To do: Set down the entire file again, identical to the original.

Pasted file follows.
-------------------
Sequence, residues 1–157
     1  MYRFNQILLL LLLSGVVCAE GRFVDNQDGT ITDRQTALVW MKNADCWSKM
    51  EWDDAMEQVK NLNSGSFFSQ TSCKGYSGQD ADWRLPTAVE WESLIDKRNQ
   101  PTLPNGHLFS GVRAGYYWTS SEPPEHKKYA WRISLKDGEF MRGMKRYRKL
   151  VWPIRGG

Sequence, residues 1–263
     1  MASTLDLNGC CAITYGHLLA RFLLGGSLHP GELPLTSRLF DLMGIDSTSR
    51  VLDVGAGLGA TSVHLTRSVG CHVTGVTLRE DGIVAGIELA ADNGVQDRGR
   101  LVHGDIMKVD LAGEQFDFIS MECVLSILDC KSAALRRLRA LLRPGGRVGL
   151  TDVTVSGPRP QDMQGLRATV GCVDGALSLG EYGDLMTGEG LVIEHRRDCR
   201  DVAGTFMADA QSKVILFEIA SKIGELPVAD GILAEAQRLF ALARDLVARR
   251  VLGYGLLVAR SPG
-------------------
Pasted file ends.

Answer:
Sequence, residues 1–157
     1  MYRFNQILLL LLLSGVVCAE GRFVDNQDGT ITDRQTALVW MKNADCWSKM
    51  EWDDAMEQVK NLNSGSFFSQ TSCKGYSGQD ADWRLPTAVE WESLIDKRNQ
   101  PTLPNGHLFS GVRAGYYWTS SEPPEHKKYA WRISLKDGEF MRGMKRYRKL
   151  VWPIRGG

Sequence, residues 1–263
     1  MASTLDLNGC CAITYGHLLA RFLLGGSLHP GELPLTSRLF DLMGIDSTSR
    51  VLDVGAGLGA TSVHLTRSVG CHVTGVTLRE DGIVAGIELA ADNGVQDRGR
   101  LVHGDIMKVD LAGEQFDFIS MECVLSILDC KSAALRRLRA LLRPGGRVGL
   151  TDVTVSGPRP QDMQGLRATV GCVDGALSLG EYGDLMTGEG LVIEHRRDCR
   201  DVAGTFMADA QSKVILFEIA SKIGELPVAD GILAEAQRLF ALARDLVARR
   251  VLGYGLLVAR SPG